Posts Tagged With: Battle of Gettysburg

New Custer monument at Hunterstown, Pennsylvania

(Click to enlarge)

Several descendants of Michigan Brigade soldiers and other interested persons donated money to acquire a small piece of land at Hunterstown and erect one of the country’s newest Civil War monuments. This marble slab and bronze relief is dedicated to Brig. Gen. George Armstrong Custer, who led the Michigan Brigade (the “Michigan Wolverines”) into action at Hunterstown against the troops of Wade Hampton III of the Confederate cavalry during the Gettysburg Campaign.

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Categories: Civil War sites, Preservation efforts | Tags: , , , , | 4 Comments

Dead Confederates north of the Mason-Dixon line

Many of you are aware that I have a new full-length book coming out later this year as the next installment of Ironclad‘s popular Discovering Civil War America series (forward by Eric J. Wittenberg). This covers John Gordon’s brigade in its trek from Virginia to the banks of the Susquehanna River, and thence to Gettysburg and destiny, where 500 men would become casualties. Obviously, thousands of Confederates were interred in Gettysburg (many of which were been removed to the South in the late 19th Century). However, not all of them were taken up and transported to Dixie.

Here in adjoining York County, Pennsylvania, a few members of Lee’s Army of Northern Virginia still rest in Northern soil. A few are buried in York’s Prospect Hill Cemetery (these are believed to be men who perished of wounds after being transported to the local U.S. Military Hospital immediately following Lee’s retreat, or perhaps were sick men left behind when Jubal Early departed York on June 29, 1863). However, there are two other local burials of interest that I discuss in my upcoming book.

Along the banks of the Susquehanna River north of Wrightsville (and south of Harrisburg) is the solitary grave of an unknown Confederate soldier. His remains were found washed up on the western riverbank shortly after the Battle of Gettysburg. He was buried on the spot and, decades later, a local veterans descendant group erected a small stone headstone in his memory. The grave just a few yards from the river and is subject to occasional flooding. It is about a mile north of the popular Accomac Inn, one of this area’s most historic taverns, on River Road. Access is fairly easy from U.S. Route 30 (get off at the Wrightsville exit, head north, and follow the signs for the Inn. Then turn left along the river and drive about a mile. The marker will be on the right along the road).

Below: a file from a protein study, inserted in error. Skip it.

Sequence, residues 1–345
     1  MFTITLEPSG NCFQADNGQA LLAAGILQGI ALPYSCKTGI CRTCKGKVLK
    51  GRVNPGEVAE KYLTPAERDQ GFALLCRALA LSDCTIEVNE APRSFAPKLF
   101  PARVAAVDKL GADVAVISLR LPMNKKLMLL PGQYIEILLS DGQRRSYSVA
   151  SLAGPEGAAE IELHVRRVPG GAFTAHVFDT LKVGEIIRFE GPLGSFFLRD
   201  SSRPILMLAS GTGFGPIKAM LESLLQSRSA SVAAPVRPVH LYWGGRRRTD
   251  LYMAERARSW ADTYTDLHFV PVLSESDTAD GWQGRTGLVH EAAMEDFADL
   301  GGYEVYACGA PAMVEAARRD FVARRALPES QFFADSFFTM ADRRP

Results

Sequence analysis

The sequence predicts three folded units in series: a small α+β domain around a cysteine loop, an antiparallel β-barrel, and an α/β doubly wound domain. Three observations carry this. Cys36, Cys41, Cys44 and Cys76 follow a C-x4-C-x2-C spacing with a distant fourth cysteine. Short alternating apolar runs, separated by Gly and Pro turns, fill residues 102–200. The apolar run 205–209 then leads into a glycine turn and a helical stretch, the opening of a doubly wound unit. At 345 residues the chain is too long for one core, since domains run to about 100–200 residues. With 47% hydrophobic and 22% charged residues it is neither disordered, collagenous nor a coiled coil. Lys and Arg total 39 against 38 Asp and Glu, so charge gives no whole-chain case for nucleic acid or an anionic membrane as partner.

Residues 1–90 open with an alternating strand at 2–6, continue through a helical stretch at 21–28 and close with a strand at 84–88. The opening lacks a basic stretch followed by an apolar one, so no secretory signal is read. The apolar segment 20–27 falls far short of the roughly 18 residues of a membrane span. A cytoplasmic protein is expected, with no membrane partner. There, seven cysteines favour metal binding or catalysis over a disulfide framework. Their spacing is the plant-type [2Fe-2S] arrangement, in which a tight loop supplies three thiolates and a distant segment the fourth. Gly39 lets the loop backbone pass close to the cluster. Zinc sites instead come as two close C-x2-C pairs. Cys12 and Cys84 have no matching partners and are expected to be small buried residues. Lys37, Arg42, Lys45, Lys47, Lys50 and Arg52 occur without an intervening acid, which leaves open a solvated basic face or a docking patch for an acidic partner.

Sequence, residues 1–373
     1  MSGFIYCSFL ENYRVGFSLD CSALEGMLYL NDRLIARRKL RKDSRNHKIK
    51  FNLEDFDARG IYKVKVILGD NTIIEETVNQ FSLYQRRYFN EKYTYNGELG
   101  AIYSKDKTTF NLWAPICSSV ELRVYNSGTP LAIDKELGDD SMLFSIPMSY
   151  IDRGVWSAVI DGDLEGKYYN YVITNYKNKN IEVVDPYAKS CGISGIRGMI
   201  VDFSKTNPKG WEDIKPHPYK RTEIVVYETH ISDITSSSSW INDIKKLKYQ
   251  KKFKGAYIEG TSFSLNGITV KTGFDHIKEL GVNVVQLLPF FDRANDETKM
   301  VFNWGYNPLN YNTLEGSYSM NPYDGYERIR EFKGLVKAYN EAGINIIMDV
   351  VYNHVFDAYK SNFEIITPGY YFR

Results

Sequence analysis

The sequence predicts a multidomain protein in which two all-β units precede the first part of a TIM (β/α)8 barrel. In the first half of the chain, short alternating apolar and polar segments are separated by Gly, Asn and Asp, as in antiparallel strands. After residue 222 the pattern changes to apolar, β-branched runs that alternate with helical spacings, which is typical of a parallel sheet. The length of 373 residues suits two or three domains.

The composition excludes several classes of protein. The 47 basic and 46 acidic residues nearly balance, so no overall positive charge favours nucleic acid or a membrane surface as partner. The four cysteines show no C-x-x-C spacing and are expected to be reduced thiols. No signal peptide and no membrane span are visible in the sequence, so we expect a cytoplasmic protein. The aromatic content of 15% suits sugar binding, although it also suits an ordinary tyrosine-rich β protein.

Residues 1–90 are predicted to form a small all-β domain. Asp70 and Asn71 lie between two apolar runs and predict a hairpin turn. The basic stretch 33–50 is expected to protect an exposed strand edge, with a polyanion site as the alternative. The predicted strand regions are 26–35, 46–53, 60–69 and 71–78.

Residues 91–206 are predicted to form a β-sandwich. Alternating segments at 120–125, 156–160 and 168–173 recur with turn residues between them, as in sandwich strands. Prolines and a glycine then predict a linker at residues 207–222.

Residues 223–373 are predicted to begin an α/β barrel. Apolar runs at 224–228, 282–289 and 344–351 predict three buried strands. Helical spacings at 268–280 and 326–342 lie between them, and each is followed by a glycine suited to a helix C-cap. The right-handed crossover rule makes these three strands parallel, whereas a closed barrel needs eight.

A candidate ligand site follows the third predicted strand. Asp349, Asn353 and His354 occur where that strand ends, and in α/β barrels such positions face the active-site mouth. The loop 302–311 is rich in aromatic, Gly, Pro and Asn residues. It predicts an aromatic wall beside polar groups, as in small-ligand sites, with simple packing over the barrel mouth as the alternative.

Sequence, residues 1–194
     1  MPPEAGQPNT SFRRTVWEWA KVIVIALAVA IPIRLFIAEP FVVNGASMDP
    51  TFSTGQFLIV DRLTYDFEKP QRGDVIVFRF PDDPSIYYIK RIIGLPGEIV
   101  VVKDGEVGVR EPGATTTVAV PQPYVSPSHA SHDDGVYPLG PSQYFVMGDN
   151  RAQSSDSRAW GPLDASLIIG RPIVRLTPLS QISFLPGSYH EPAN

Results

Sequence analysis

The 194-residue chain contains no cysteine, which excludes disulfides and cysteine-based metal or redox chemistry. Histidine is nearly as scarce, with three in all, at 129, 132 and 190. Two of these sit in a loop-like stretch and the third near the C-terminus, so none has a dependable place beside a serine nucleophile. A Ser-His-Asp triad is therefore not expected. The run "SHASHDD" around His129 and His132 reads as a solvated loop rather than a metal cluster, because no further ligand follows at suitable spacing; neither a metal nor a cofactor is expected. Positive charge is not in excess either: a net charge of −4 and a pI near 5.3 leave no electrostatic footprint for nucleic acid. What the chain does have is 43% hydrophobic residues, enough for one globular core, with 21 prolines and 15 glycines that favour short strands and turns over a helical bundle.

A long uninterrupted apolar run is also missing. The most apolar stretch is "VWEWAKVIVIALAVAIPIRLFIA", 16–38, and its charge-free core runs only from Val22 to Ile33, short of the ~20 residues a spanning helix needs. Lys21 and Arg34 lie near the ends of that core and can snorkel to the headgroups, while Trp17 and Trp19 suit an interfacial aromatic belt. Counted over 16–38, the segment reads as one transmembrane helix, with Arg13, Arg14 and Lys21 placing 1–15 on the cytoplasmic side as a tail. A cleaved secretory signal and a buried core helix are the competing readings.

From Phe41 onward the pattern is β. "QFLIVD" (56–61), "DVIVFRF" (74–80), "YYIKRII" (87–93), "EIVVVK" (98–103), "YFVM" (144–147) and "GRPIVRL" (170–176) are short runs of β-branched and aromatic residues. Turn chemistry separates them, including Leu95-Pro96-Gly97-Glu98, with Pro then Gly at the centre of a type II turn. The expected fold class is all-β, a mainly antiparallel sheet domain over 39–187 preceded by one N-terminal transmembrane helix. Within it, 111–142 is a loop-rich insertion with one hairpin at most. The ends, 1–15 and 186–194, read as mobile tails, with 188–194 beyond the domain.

The identity of the man is of course unknown, as no identification was found with the body.  Speculation varies as to his regiment, or how he came to drown in the broad Susquehanna (which was running deep during the Gettysburg Campaign due to heavy rains). The general thought is that he was a cavalryman, perhaps from the 17th Virginia of Col. William French, sent to pick his way across the river on horseback to find a safe passage. The 17th had chased a large contingent of Federal militia across the river on June 27, and perhaps this man was searching for a way to cross the river to flank them. Another old local legend is that the man was a deserter from Early’s division (there were indeed several of them roaming York County; several made their escape to Canada, although most were picked up by roving Federal cavalry patrols from Bell’s Cavalry or the First Troop, Philadelphia City Cavalry). One variant to the deserter story states that the man was on a raft that overturned. he could not swim and perished in the swirling water. His identity lost, he remains an enduring local mystery.

Another Confederate was buried in Big Mount, just inside the York County line from neighboring Adams County. He was a member of Early’s division who died of natural causes along the line of march. His comrades buried him near where he fell. No stone currently marks the spot.